On Wed, Oct 16, 2013 at 12:38 PM, John C Klensin <john+smtp(_at_)jck(_dot_)com>
--On Wednesday, October 16, 2013 11:17 -0700 Wei Chuang
That is certainly not an argument against doing TLS or
otherwise protecting the links because there is clearly a
there. Whether it is worth going to extra trouble (and
not having messages delivered that are otherwise ok) to
promise that such methods will be used is a more complex
question that is, indeed, closely related to what the users
will perceive is being promised.
I would differ here. As pointed out in the proposal's
motivation, leaving mail delivery as clear text mail makes
mail delivery the weakest link for many mail providers. It
invites adversaries with lots of resources to attack this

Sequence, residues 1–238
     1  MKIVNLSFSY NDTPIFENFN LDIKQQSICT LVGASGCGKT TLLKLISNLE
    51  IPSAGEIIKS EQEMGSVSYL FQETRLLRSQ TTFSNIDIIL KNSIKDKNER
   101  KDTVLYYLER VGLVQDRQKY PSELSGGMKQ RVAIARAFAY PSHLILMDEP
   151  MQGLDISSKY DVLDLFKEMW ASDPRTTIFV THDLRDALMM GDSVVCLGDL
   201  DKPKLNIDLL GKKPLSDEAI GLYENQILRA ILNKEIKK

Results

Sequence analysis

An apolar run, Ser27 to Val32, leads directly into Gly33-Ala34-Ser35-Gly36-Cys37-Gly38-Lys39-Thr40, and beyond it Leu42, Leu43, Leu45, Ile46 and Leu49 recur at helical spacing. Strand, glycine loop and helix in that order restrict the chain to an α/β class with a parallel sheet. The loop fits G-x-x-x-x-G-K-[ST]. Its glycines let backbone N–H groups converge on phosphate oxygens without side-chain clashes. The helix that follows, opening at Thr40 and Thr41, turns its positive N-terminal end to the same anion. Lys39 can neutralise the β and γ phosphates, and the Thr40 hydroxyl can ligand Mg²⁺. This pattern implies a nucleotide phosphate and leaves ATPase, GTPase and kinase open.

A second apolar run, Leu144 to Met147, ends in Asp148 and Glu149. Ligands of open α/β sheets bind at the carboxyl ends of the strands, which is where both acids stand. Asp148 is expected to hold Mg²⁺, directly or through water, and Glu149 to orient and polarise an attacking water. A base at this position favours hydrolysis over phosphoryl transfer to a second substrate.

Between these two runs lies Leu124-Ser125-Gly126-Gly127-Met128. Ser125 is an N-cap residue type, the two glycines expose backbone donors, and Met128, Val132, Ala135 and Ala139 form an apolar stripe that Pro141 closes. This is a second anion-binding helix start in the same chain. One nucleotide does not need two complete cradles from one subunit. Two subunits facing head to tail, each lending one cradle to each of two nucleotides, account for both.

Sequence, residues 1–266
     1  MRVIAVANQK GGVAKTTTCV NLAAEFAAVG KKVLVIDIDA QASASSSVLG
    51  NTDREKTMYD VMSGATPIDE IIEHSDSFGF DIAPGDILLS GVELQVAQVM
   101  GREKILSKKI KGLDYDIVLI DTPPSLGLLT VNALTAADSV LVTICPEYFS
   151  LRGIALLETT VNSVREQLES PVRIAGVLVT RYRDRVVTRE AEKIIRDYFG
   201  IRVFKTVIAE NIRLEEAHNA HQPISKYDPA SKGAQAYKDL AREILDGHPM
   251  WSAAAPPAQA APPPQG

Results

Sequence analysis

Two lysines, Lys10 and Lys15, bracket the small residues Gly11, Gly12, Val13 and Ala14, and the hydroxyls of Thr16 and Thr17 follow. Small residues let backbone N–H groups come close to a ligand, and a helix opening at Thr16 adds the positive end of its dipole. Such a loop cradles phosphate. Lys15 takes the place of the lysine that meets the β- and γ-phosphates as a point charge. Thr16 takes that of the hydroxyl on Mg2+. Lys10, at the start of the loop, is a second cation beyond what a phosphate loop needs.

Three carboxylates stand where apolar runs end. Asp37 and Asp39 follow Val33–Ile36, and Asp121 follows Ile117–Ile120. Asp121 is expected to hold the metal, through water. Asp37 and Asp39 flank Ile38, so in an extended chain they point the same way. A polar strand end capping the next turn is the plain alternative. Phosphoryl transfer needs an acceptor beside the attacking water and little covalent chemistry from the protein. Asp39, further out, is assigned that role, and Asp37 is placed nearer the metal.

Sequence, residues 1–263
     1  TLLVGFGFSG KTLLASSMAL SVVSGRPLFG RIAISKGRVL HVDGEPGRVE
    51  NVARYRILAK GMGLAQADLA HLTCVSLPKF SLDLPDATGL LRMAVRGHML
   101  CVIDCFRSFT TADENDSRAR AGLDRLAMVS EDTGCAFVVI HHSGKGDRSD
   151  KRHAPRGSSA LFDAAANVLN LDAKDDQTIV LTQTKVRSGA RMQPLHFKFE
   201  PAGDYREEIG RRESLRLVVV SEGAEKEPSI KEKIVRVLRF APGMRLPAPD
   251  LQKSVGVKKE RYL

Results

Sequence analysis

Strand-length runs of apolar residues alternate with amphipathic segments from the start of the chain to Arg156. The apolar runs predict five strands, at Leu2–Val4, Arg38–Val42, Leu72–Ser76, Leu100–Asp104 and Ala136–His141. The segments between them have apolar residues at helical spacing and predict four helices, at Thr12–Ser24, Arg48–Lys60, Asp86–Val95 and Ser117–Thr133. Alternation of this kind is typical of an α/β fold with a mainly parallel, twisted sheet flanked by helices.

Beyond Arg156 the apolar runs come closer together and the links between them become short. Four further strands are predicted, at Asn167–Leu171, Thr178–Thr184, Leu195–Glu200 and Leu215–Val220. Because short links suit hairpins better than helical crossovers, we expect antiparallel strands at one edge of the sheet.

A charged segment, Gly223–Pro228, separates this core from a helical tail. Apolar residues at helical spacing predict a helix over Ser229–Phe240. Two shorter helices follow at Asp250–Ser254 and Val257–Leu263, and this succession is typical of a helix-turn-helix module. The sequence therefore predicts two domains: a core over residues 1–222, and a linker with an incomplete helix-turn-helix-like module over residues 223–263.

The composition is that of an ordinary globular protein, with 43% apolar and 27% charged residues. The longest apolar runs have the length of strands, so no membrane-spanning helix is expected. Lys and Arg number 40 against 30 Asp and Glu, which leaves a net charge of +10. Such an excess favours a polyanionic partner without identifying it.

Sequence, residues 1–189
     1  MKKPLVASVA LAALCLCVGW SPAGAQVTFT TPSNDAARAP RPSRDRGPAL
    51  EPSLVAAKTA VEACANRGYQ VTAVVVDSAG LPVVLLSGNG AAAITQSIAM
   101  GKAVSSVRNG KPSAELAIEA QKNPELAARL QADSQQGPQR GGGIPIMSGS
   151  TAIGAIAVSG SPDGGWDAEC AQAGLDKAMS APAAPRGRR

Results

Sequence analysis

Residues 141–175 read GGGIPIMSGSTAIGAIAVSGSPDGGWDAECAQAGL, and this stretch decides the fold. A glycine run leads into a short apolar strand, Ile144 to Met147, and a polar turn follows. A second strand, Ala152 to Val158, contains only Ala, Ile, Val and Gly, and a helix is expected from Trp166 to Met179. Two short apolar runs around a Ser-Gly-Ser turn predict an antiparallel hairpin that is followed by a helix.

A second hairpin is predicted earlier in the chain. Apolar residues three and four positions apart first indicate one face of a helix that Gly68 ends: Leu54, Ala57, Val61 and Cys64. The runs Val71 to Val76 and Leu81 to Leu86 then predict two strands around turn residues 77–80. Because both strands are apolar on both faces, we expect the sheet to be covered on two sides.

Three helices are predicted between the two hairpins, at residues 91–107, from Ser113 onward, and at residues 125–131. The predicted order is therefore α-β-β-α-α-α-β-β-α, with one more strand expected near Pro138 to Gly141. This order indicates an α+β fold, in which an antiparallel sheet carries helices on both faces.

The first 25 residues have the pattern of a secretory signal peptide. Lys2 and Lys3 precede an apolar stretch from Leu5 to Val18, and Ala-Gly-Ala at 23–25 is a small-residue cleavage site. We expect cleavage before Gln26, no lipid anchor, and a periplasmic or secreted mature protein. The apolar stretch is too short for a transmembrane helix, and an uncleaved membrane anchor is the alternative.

point as other interfaces become much more hardened.
With no disrespect, a matter of opinion. Or perhaps it is a
matter of how one thinks about the threat model. Hardening a
server technically is of little use if someone from the
government, police, etc., can show up with legal papers and/or
threats and obtain content that way.
For the TLA's in the current news, it seems obvious that there's a
difference in capability between "able to snoop on email across any given
two endpoints regardless of ability to serve a subpoena/warrant or get a
warrant for XXX million different accounts" and the published numbers of
actual NSL's issued.
There are obviously countries which are more "open" about their
surveillance state, but large mail providers are less likely to be located
there or at least less likely to be used by non-citizens of those states.
This of course leads back to the most challenging part of this that's
already been brought up, which is that this is "more" secure, but still has
a gaping hole to what a consumer would consider secure, which makes it
problematic to expose this to the consumer at all.
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